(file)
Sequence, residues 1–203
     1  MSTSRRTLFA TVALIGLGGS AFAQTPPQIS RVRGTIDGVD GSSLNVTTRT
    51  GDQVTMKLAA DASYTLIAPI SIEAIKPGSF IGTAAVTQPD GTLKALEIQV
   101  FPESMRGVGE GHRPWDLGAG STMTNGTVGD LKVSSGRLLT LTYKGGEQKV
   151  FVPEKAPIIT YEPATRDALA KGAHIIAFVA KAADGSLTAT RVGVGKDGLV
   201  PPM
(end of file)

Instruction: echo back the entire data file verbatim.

Sequence, residues 1–203
     1  MSTSRRTLFA TVALIGLGGS AFAQTPPQIS RVRGTIDGVD GSSLNVTTRT
    51  GDQVTMKLAA DASYTLIAPI SIEAIKPGSF IGTAAVTQPD GTLKALEIQV
   101  FPESMRGVGE GHRPWDLGAG STMTNGTVGD LKVSSGRLLT LTYKGGEQKV
   151  FVPEKAPIIT YEPATRDALA KGAHIIAFVA KAADGSLTAT RVGVGKDGLV
   201  PPM